One of the essential features of Test-Driven Development (TDD) is that you write (failing) tests before you write production code.
Obviously, this confuses people. When I started out with TDD it confused me just like anyone else who first sets foot on this new territory. Does it matter when I write tests? Can’t I just write the tests right after writing the code? As it turns out, yes, it does.
The code design resulting from Test-Driven Development is radically different. You go about writing code with much more humility as far as your design skills are concerned: “Do I need this abstraction? I don’t need it to make the test pass. Let’s keep things simple and see what happens.” Over time, you will apply some refactorings where you see fit. Your design evolves, seemingly by magic.
Now try to explain this phenomenon to developers who never tried this. It feels like explaining object-oriented programming to your grandmother. Actually, I take that back – OO is much easier to explain. Communicating the purpose of TDD feels more like explaining role playing games to people who have never seen a role playing game.
Veteran TDDers coined the “TDD is a design technique” mantra
Since developers just did not see the benefit of writing tests before writing code, numerous well-meaning TDDers resorted to a little trick. They all started saying something along the lines of “Well, forget about the unit tests being tests, TDD is a design technique.”
Slowly, people started realizing that test-first produces different results than test-after, and that the tests written in the process are a means of evolving the system’s design. However, this started another movement of TDDers that would question the value of the tests as such – as if the regression test suite falling out of a TDD process were completely worthless! “Hey, I don’t care about checking tight boundary definitions for this accounting function – I want my unit test to demo my shiny new API design. It’s a design test dude, not a test-as-such”.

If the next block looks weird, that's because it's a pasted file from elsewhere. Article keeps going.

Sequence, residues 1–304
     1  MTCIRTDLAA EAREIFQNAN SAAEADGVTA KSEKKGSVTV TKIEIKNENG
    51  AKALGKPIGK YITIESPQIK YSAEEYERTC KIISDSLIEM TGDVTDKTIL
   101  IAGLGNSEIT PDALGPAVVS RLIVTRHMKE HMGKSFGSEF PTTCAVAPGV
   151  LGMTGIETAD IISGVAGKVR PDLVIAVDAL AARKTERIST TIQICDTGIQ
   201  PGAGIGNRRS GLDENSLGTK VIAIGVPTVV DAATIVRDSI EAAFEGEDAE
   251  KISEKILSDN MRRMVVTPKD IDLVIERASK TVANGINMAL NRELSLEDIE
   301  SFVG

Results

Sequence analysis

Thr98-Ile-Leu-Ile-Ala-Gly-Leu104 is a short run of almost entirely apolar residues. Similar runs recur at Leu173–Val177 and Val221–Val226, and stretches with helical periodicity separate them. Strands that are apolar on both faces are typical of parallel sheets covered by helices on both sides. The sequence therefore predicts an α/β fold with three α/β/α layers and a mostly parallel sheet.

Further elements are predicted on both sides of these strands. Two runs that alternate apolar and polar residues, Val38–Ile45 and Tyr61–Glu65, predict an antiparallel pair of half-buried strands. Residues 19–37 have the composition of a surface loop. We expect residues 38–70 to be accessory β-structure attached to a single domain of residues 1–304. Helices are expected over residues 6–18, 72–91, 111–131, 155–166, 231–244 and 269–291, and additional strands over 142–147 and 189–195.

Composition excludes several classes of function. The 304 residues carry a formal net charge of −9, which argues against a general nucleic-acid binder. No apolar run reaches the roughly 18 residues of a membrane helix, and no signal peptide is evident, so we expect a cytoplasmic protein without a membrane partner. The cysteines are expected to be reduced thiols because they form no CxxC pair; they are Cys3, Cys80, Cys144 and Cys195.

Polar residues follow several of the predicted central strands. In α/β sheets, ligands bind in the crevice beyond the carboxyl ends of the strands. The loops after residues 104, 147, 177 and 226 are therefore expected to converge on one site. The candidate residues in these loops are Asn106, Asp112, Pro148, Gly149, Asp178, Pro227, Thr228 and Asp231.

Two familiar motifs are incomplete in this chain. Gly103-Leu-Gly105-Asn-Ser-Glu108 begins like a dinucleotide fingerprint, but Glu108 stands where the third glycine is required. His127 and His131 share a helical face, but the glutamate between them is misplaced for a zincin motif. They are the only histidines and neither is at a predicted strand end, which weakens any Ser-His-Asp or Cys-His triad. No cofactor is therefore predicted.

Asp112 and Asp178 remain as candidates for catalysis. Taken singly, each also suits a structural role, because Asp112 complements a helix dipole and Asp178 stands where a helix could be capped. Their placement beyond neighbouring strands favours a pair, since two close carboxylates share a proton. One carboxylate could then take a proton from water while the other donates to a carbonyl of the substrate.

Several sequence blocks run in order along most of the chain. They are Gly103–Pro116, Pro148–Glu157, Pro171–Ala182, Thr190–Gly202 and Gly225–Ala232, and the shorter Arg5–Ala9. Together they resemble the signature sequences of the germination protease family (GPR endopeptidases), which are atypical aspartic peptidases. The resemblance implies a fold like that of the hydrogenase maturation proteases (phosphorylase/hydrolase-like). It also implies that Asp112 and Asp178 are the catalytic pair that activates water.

Time to back up
In my opinion, the “TDD-is-a-design-technique” mantra is starting to harm people – the less you care about the effectiveness of your tests (from a black box testing point of view), the less value they yield.
Writing good tests is a skill that is crucial no matter whether you test-first or test-after. However, the designs coming out of TDD sessions have been shown to have fewer bugs in various studies (with Nagappan et al. being quoted most often), so test-first contributes to quality, just like unit-testing-as-such does. Practicing Test-driven development and valuing old-school black box testing techniques at the same time is nothing to be ashamed of.